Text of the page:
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Russia deploys cheap DIY drones to divert Ukraine’s air defense

“We once saw Shahed drones as a distraction for Ukrainian air defense from cruise missiles. Now these cheap drones divert attention from the Shaheds as well,” aviation expert Valerii Romanenko said.
Ukrainian air defense
Ukrainian air defense mobile group. Credit: Ukraine’s General Staff
Russia deploys cheap DIY drones to divert Ukraine’s air defense

Russia has initiated attacks on Ukraine, deploying newly developed, crudely constructed do-it-yourself drones as a tactic to distract Ukrainian air defenses, media outlet reported, citing Yurii Ihnat, spokesman for the Ukrainian Air Force. According to Ihnat, Russia is likely purchasing components to manufacture these drones from various online marketplaces, including AliExpress.

Ukrainians, upon hearing the distinctive engine sounds of the new Russian drones, have aptly nicknamed them “lawnmowers.”

Following a report by the Ukrainian Air Force that Ukrainian air defense forces shot down an unidentified unmanned aerial vehicle during a Russian attack on the Kyiv Oblast on the night of 23 October, Russian milbloggers reported on the Russian first use of the new Italmas drones. However, this information has not been confirmed by any sources other than reports from military bloggers.

“There have been instances with balloons, as well as unidentified UAVs. The Russians are utilizing everything within their reach to cause us difficulties,” Ihnat said.

Russia is also using its diplomats and emissaries around the world to acquire technical equipment and arms that can be used against Ukraine, a representative of the Main Intelligence Directorate, Andrii Cherniak, told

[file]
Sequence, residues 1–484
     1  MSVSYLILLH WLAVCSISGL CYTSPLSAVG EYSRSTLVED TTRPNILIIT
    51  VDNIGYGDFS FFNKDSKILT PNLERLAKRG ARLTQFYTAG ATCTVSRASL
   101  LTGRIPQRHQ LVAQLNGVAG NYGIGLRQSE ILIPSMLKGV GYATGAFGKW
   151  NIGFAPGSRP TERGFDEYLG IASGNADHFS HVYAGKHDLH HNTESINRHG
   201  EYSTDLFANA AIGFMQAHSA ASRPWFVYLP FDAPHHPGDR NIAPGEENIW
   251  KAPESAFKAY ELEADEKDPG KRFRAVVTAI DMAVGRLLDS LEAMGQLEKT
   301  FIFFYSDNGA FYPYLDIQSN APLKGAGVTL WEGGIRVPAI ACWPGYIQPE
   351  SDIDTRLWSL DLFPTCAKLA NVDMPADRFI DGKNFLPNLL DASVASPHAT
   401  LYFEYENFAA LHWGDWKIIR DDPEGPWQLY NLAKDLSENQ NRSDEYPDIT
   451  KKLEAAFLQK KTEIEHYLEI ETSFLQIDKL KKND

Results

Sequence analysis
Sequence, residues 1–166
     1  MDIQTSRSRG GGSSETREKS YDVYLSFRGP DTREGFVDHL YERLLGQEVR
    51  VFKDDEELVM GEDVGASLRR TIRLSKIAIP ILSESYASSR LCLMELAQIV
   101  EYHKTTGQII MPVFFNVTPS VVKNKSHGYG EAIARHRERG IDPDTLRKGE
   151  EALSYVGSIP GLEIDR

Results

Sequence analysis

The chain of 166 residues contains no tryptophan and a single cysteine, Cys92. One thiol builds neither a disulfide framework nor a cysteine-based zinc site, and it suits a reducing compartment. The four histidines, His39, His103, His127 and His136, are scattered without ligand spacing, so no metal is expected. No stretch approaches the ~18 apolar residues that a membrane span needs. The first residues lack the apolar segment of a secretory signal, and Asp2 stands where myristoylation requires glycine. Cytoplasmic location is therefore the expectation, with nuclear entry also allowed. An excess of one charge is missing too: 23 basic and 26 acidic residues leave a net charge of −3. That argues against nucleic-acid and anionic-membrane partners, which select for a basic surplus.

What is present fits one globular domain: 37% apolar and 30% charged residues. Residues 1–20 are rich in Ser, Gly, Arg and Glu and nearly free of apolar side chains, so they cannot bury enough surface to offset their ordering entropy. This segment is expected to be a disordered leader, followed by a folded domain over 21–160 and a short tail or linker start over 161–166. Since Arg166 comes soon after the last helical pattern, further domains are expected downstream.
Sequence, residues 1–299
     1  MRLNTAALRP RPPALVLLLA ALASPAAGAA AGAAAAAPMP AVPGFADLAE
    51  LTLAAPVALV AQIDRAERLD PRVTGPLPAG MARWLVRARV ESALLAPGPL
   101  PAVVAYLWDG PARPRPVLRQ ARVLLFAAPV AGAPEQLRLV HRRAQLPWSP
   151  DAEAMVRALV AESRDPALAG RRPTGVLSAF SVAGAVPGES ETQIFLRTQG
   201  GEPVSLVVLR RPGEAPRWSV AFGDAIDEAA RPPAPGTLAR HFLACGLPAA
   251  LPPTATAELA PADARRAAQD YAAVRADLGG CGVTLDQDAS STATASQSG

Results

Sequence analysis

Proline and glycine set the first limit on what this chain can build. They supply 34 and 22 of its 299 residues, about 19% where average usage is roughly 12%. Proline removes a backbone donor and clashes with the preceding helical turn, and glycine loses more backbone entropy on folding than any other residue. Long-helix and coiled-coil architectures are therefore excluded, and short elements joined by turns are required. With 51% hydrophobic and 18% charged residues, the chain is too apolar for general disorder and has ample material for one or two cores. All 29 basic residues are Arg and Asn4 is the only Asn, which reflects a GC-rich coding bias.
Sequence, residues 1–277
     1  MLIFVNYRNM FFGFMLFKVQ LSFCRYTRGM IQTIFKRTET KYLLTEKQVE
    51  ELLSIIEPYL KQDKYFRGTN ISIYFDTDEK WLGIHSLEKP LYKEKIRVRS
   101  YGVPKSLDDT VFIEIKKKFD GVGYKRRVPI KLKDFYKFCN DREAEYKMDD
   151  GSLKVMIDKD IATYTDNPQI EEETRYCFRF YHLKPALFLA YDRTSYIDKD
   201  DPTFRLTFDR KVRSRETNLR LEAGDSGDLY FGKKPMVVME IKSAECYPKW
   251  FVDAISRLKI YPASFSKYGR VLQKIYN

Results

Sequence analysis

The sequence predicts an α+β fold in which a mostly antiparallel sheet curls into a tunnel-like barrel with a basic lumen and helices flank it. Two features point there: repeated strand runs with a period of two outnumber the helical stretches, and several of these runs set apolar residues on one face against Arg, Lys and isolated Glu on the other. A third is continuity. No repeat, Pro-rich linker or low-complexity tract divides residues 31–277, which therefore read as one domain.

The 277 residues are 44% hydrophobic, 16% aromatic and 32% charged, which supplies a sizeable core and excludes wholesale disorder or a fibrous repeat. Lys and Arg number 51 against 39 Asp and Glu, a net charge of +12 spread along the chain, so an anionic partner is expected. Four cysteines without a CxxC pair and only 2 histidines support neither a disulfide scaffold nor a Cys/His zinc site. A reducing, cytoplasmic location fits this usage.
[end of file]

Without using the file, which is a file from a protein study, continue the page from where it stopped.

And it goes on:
The first documented use of these unknown drones was back in May 2023, though their existence was only recently officially acknowledged. On 4 May 2023, Ukraine’s Joint Forces Command reported downing a primitive, DIY drone likely used for reconnaissance in Sumy Oblast.

A DIY Russian drone shot down over Sumy Oblast on 4 May 2023. Credit: Joint Forces Command of the Armed Forces of Ukraine

One of the downed homemade drones in Kyiv Oblast was found to have a corner reflector on it. Corner reflectors are devices that strongly reflect radar signals and make objects more visible to radar systems. The presence of such a reflector suggests the Russians may be intentionally building these drones to be easily detected on radar. This could be a strategy to provoke and reveal the locations of Ukrainian air defense systems, Defense Express suggested.

A DIY Russian drone shot down over Sumy Oblast on 4 May 2023. Credit: Serhii Flash

According to Valerii Romanenko, aviation expert, and senior research fellow at National Aviation University, these rudimentary drones have plywood fuselages, foam wings, and even use plastic bottles for fuel tanks.

“The foam wing, body parts, and tail feathers are cut out of flat pieces of plywood. Two engines: a traction and a thrust engine. The chassis is stationary; it does not retract. The wheels are from a children’s bicycle or something similar. Instead of a fuel tank – a canister of six to eight liters,” Romanenko said.

With costs around $1500 versus $200,000 or more for a missile, the drones force Ukraine to expend more costly munitions.

“Such a drone can be assembled at any aero modeling club. It points towards the enemy’s utilization of drones that are not only primitively assembled but also produced at a minimal expense,” Oleh Katkov, editor-in-chief of Defence Express said in an interview with

Ukraine has to minimize the threat posed by such drones by using mobile air defense units equipped with machine guns and light artillery, Romanenko said. More advanced systems like the Gepard anti-air tanks can also help shoot them down without wasting valuable missiles.

“We once saw Shahed drones as a distraction for Ukrainian air defense from cruise missiles. Now these cheap drones divert attention from the Shaheds as well,” Romanenko explained.

While primitive, the drones remain dangerous. Russia likely has ample resources to keep producing both Shaheds and new DIY drones, Andrii Cherniak said.

“They (Russian troops – ed.) employ a variety of tactics to identify vulnerabilities in our air defense system, utilizing an array of equipment including various types of drones, ballistic missiles, and air defense assets in a ground-to-ground capacity. The objective is to ascertain the locations and specific targets that are susceptible to attack,” Cherniak concluded.

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